zigzackly's omnium-gatherum *
|Quid quid latine dictum sit, altum videtur|
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We, the Media;
Son of CSF.
Now and then, when Hurree needs a holiday, i pinch-hit at Kitabkhana.
We endorse, approve of, and throughly adore:
Other Thieves of our Time
D Mervin Ffingir writes, and having writ, moves on:
Tuesday, July 31, 2007
Perhaps you should send ManCom links to these three posts by that scholar and gentleman, JP, over at Confused of Calcutta.
Friday, July 20, 2007
OK Tata Byebye is hosting a travel photography contest.
Caveat: you need to register on the site to participate.
Disclosure: For reasons best known to them (wethinks they think we are a Popular Blogger. heh), we have been asked to help judge the contest (and in a swollen-headed moment, we consented), and the organisers asked us to help spread the word.
See ya. Erm. Sorry. Oktatabyebye.
Thursday, July 19, 2007
Offer helpful advice.
This post gets us the most Google love on a consistent basis. From the traffic logs, there are apparently many people who either want to learn how to hack a yahoo password, or want to know how to get back a hacked password. Every now and then, a comment pops up for moderation. This one appeared a week or so ago.
Heres away to hack a yahoo acount step by stepWe're breaking this up into two lines to preserve the column width
forgotpass?secretque=TRUE&username=VICTIM_USERNAME&instructions continue, undedited.
This truly ingenious. You set up a Yahoo account (email@example.com natch; or something similar), write out some seemingly well-intentioned advice, and wait for the mugs who want to hack into some chica's account to come along and do the hard work of setting up new yahoo accounts and then send you the user name and password to add to your set of anonymous spamming accounts. Even better, of course, if said mugs were to use their existing accounts to do this. You get a free set of the mug's friends' addresses!
Tuesday, July 17, 2007
Tomorrow, around 10:15am US East Coast Time, 7:45pm IST, we shall be making a 'remote presentation' to a bunch of US Government folks.
We shall be talking about our TsunamiHelp experience, as part of Collaborative Expedition Workshop #63. Our bit lasts about 45 minutes, and is part of a session called "Potentials and Realities: Opportunities and Challenges of Virtual Organizing for Humanitarian Response."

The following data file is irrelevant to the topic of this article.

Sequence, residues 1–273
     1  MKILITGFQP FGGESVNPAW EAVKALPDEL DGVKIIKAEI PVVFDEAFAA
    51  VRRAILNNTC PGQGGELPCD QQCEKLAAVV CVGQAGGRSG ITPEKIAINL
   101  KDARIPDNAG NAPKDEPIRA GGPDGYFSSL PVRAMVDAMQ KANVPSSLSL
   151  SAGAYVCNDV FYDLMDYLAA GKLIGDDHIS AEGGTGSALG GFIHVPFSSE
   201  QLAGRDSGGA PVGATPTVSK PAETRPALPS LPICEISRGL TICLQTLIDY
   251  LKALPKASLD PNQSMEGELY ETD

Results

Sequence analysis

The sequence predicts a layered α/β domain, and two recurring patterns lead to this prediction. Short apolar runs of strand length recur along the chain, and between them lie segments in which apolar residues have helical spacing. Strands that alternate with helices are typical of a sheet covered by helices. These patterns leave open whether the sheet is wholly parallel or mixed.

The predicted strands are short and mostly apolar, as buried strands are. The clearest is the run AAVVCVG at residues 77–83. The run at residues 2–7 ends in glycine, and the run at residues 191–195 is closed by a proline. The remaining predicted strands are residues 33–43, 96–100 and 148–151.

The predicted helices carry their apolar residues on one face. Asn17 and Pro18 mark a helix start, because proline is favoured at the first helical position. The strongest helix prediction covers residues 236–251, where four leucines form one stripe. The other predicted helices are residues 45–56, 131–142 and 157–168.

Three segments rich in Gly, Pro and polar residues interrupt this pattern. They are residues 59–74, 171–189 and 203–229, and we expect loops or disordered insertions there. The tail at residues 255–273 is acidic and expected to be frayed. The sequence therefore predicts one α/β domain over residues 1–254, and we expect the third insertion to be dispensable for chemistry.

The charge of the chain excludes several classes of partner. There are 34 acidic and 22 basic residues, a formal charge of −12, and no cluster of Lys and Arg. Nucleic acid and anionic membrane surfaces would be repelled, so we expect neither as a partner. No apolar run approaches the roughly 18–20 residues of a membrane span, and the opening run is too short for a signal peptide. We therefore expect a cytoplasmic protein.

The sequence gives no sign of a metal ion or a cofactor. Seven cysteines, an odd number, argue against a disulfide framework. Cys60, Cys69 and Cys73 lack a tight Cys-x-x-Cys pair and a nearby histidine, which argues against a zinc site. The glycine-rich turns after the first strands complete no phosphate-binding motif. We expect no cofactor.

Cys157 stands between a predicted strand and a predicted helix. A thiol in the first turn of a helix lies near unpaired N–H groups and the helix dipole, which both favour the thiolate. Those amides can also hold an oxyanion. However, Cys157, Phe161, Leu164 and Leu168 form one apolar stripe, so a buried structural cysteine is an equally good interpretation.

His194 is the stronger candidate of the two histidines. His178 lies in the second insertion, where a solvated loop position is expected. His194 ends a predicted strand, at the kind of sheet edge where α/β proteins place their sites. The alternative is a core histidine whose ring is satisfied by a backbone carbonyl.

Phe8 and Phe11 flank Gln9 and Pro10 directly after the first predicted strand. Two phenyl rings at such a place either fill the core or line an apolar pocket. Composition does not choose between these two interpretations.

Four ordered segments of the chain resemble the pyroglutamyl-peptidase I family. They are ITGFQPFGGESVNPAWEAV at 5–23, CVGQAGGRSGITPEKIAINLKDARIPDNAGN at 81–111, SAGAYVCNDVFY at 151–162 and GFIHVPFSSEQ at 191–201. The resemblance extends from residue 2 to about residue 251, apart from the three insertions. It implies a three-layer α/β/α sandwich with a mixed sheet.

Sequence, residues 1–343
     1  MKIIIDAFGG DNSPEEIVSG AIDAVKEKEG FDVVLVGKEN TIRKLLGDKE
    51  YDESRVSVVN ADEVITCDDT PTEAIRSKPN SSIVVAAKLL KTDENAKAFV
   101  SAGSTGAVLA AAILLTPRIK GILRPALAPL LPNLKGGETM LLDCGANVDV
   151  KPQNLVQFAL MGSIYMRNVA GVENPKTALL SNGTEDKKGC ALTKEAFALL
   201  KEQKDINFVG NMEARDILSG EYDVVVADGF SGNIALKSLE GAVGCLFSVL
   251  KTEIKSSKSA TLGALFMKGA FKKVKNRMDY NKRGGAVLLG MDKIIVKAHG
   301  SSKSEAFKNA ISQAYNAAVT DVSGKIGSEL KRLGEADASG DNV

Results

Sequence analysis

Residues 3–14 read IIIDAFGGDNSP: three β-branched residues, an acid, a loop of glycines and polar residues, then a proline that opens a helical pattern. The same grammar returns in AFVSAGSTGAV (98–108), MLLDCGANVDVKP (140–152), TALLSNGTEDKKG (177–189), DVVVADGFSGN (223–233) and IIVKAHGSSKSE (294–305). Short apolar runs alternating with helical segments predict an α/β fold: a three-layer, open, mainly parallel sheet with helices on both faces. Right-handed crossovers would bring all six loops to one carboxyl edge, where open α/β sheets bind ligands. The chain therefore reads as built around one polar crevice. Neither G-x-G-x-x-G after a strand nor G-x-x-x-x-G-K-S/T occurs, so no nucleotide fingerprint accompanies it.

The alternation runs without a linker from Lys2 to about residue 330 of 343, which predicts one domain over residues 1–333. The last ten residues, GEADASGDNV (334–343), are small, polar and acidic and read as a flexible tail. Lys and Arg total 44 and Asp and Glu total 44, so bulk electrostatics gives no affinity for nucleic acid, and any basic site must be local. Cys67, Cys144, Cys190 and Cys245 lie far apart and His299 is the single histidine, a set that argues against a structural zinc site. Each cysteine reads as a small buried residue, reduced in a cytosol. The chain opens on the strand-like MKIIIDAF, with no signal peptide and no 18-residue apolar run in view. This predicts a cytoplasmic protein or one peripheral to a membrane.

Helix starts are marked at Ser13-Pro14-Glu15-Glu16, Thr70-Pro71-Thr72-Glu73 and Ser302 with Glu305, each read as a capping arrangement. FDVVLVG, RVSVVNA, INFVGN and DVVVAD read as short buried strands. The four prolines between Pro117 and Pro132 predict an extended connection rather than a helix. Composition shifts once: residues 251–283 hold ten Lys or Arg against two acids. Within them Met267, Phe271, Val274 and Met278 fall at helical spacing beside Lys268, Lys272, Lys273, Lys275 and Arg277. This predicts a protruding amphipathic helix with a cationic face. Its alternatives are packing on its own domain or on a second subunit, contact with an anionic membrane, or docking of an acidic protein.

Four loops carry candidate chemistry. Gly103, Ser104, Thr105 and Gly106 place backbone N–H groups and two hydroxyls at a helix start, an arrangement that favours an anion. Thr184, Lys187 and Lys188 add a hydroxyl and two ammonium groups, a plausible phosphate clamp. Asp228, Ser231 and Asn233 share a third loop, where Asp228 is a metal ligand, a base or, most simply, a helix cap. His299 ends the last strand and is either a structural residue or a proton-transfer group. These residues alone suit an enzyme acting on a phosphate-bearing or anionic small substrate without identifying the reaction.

The page linked to has the schedule, and other speakers, as well as instructions on how to access the conference. We shall mainly riff on the stuff we covered in our Sarai essay (PDF), and answer questions the other participants may have.
Saturday, July 14, 2007
(You folks on the feed-readers will have to come on over to see the video. Sorry.)
And here's the bit that makes us go *toc toc* "These Americans are crazy!" The blended iPhone, which would have cost US$500 brand new, is up for sale on ebay. That's not all. The top bid, as of this posting, stands at US$ 1,058.33.
Tuesday, July 10, 2007
We sent around the Guardian's Great Escape links, which feature various writers on the topic of the books they read while travelling. (Part 1, Part 2; and note that the links on the Guardian's page are bad - someone forgot t include the '.co.uk' bit, which we didn't notice until Divya pointed out the error.) Weighing in: Bill Bryson ("I read the Archer as well, of course, and am not too proud to say that I was grateful for it, too. In fact, after Pnin and the telephone directory, it was one of my favourite reads of the trip."), Kiran Desai, Dave Eggers, Pico Iyer, Ian McEwan, Jan Morris, DBC Pierre, Ian Rankin, Paul Theroux, and many others.
Naturally, we began thinking of books we have read while on the road. And found that none really came to mind. We tend to buy magazines when we travel, because we usually wind up looking out of windows, people-watching, sketching or writing when we travel. This despite packing in several books on each trip.
But perhaps your mileage (heh) varies. Care to leave a note?
This ad ran in 1997. I remember my then creative director sticking his head into my room, a DVD in hand, saying "You have to hear this." It was the disc that came with the latest D&AD Annual, and my PC was the only one with the software to play it (yes, yes, so very last century).
I loved it then for the fusion element—it brings together such an amazing range of musicians—and its simple brilliance as an ad; it's entertaining, and it delivers its message ("Whatever your musical taste, it is catered to by BBC Radio and Television") in no uncertain terms. Of course, the length (it's a full four minutes) wasn't a problem since the advertiser was running it on its own media. Heh.
The complete story from the YouTube page:
In 1997, the song "Perfect Day" by Lou Reed was featured by the BBC in a lengthy corporate advertisement of its own music coverage. The trailer was shown on BBC channels and in cinemas and won both awards and praise from commentators. This version was eventually released as a charity single in November of that year for Children In Need. The charity version features a host of well-known singers and performers, with Reed himself opening and closing the song, and was the UK's number one single for two weeks, selling over a million copies.Right then. Here's your homework. Name all the singers and musicians.
Lou Reed singing Perfect Day
Lou Reed singing Perfect Day with Luciano Pavarotti
Friday, July 06, 2007
The good folk of JWT-NY mailed to say they had put up another poem in their series of Billy Collins Animated Poetry. So here it is.
Note: [*] = The site linked to requires registration.
Zig's on TwitterFollow, all ye who must know more.
We've all heard that a million monkeys banging on a million typewriters will eventually produce a masterpiece. Now, thanks to the Internet, we know this is not true.